“Sometimes world history looks like a straight path, while other times it looks like a pendulum swinging back and forth through the centuries.

This feels more like a pendulum day, with at least two big ones swinging right through this semiconductor story:

  • Industrial policy: the first English reference to capitalism was potentially in Alexander Hamilton’s 1791 vision for a government-led shift to a manufacturing economy. The pendulum then swung away from government intervention last century, and now it’s swung back again with the Chips Act and other forms of industrial policy.

  • Foreign policy: the US has historically lurched between periods of wanting to venture out to slay foes, and other periods of wanting to hunker down and pull up the drawbridge. Reviving its home chipmaking is another possible sign the U.S. is hunkering back down.”

If you want to nerd out and learn everything about semiconductors, including how we got to this point where only a handful of companies can compete in this highly concentrated value chain, Shane Parrish does a great job on this The Knowledge Project podcast.

Iran Attacks Effect on Oil

Per Anas Alhajji (one of the best O&G analysts out there)

Figure (1) shows Iran’s oil production markedly increasing in the last two years despite sanctions. Looking at last month’s crude production, it reached 3.188 mb/d, higher than production a year earlier by 611 kb/d. Since early 2021, production has increased by about 1 mb/d.

Despite the potential for Middle East tensions to disrupt oil markets, following an Iranian drone-and-missile attack on Israel, prices have remained relatively stable. Traders seem to believe the attack is a limited response rather than an escalation to wider conflict. There's confidence that OPEC+ can compensate for any supply issues with their spare capacity, and the market is accustomed to Middle East conflicts not significantly affecting oil supplies.

We now know the media and some analysts exaggerated the impact of the Iranian attack on Israel on the oil market. Oil prices declined slightly today (4/15/24). But the main story is that the price did not increase and did not increase significantly. 

However, risks to oil installations and tankers in the region remain. The danger is not from the government of Iran but from some fringe groups that support Iran, even individuals who are not affiliated with any groups. Most of the risk stems from the reaction to the strong support of the United States and European countries to Israel. Some people in the Arab world were angered by what they called the double standard since most of the countries did not condemn the Israeli attack on the Iranian Consulate in Damascus. Hence, the risk now is from loose groups and individuals, not the officially-affiliated groups.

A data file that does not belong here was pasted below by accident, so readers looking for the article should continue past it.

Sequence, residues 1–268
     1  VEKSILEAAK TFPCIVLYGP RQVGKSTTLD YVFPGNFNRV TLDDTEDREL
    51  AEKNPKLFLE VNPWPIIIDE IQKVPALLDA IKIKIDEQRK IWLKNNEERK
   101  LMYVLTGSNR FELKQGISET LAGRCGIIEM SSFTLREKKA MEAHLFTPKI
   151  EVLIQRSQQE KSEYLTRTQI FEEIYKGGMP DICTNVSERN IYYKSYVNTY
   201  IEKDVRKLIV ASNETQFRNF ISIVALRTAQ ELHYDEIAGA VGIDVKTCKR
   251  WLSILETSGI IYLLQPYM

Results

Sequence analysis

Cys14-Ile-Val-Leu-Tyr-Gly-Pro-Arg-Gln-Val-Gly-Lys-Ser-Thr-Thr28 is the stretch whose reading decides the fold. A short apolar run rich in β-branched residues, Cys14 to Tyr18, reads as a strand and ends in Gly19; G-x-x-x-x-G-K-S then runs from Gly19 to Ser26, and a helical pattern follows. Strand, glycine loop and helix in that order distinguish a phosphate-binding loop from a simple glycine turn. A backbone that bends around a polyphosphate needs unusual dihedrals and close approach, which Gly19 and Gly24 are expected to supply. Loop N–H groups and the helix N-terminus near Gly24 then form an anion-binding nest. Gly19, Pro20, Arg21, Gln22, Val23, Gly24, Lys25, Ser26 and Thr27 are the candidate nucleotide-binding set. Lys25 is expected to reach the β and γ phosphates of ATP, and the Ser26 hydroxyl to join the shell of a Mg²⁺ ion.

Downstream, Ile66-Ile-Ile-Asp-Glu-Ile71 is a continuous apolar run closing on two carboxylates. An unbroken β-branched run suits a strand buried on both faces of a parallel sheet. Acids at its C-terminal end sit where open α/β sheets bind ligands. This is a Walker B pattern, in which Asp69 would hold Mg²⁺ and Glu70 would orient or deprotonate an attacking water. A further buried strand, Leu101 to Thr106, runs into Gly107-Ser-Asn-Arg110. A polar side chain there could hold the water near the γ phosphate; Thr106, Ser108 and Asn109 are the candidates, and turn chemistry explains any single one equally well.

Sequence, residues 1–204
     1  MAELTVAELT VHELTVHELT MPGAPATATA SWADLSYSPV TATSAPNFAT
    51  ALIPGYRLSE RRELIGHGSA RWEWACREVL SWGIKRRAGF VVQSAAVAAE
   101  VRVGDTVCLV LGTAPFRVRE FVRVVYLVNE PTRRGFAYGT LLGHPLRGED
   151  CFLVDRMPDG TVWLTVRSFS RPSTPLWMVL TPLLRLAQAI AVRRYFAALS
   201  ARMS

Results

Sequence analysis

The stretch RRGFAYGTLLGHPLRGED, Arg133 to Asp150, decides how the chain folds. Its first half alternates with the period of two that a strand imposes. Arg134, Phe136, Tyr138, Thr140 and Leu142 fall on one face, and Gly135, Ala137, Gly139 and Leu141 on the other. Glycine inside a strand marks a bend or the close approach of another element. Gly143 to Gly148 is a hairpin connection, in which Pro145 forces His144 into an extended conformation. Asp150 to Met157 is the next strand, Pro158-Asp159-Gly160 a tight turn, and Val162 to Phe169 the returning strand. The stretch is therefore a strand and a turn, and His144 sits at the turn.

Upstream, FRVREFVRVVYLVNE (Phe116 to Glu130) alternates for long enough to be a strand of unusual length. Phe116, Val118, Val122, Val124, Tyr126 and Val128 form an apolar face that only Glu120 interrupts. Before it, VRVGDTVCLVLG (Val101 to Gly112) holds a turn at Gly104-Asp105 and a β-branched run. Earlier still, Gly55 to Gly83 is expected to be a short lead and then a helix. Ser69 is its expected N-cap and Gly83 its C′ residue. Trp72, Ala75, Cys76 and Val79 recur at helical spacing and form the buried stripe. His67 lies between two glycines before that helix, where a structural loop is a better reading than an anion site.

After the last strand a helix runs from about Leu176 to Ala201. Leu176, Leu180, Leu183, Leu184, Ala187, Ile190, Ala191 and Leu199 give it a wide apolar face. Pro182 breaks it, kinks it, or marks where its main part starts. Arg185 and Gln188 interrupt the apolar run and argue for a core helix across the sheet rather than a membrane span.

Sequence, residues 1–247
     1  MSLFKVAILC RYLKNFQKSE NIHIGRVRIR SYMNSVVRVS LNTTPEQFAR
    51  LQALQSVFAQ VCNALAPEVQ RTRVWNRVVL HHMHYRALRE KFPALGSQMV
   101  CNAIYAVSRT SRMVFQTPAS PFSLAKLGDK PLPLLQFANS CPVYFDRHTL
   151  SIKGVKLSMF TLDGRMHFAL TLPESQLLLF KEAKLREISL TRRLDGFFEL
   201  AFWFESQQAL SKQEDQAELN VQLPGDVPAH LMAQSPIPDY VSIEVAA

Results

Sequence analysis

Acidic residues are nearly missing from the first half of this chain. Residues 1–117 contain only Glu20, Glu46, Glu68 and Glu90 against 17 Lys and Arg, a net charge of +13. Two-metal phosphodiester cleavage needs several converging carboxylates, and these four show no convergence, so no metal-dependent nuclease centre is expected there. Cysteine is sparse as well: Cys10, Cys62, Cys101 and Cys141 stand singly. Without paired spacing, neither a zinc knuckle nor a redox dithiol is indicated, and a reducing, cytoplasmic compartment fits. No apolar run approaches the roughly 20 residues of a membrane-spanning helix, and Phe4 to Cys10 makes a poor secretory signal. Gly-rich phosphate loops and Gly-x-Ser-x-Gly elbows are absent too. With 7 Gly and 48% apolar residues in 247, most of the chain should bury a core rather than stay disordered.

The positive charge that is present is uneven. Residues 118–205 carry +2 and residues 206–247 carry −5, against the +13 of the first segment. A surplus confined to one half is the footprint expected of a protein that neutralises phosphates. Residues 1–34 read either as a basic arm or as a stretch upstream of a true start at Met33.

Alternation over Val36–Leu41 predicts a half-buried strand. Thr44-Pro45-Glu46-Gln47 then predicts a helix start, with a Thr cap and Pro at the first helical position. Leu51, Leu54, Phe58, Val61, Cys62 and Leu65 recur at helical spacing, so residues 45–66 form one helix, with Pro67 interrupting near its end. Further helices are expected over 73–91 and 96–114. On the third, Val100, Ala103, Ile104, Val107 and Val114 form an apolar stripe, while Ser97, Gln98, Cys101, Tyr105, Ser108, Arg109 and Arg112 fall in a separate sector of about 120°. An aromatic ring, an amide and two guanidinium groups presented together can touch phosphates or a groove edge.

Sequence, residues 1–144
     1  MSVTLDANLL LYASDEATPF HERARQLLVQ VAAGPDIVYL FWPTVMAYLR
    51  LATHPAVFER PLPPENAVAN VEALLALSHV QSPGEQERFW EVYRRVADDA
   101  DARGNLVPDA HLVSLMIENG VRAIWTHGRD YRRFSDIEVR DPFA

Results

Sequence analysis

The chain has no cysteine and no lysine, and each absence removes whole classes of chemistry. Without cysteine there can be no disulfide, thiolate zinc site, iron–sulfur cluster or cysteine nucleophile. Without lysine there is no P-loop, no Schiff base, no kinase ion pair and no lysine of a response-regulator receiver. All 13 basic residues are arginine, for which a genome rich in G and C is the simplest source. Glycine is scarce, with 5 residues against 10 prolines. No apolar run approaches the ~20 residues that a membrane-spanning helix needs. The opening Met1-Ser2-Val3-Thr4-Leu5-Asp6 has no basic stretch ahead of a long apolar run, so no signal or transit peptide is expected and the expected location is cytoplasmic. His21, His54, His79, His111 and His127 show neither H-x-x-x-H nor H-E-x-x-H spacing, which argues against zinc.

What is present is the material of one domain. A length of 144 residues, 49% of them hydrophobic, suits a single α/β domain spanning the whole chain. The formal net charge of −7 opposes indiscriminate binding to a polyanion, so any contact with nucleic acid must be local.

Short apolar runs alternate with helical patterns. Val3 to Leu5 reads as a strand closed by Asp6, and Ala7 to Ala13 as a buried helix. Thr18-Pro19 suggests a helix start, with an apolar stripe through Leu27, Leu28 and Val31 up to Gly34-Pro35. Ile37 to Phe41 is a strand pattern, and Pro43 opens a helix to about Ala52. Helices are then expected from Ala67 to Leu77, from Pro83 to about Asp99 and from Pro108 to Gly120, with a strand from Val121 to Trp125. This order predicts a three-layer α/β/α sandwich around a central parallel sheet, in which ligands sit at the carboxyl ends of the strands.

Will the Biden Administration tighten oil sanctions on Iran because of its attack on Israel? In our view, any tightening of sanctions will not involve oil. The Biden administration doesn’t want oil prices to go higher before the elections. However, Biden will be under pressure from Republicans to do something.

What about after the election? If Biden wins, we believe he will want to continue appeasing Iran for several reasons, including its role in Yemen, Lebanon, Syria, and Iraq. He also wants to reach some sort of a nuclear deal.

If Trump wins, we believe he will tighten the sanctions during his first week in office. Initially, the impact would be limited, but will get larger over time.”

Alliances in the Pacific are Growing Rapidly

Note: we just released a deep dive on the Australia/US/UK security alliance, AUKUS. Have a read here.

While most of today’s Geopolitical attention is being paid to Israel – Hamas/Hezbollah/Iran/Houthis, Pacific nations are quickly rearranging their geostrategic posturing in historic fashion in anticipation of a future ‘U.S. - China Event’ - whatever and whenever that may be.

Some Updates:

  • The U.S. is pushing for Japan to become a more integrated member of AUKUS, as Biden hosted Japanese Prime Minister Fumio Kishida at the state dinner a couple weeks back. According to Jacob Shapiro of Cognitive Investments, the conversation included “greater coordination and integration between the military forces of both countries, including the formation of a joint defense council that could support more defense-related exports of equipment produced in Japan. And officials agreed on new cooperation on ventures in space and collaboration between research institutions working on artificial intelligence, semiconductors, and clean energy.” And per reports from the FT, the deal will restructure the U.S. military command in Japan to give it more operational authority to coordinate with local counterparts.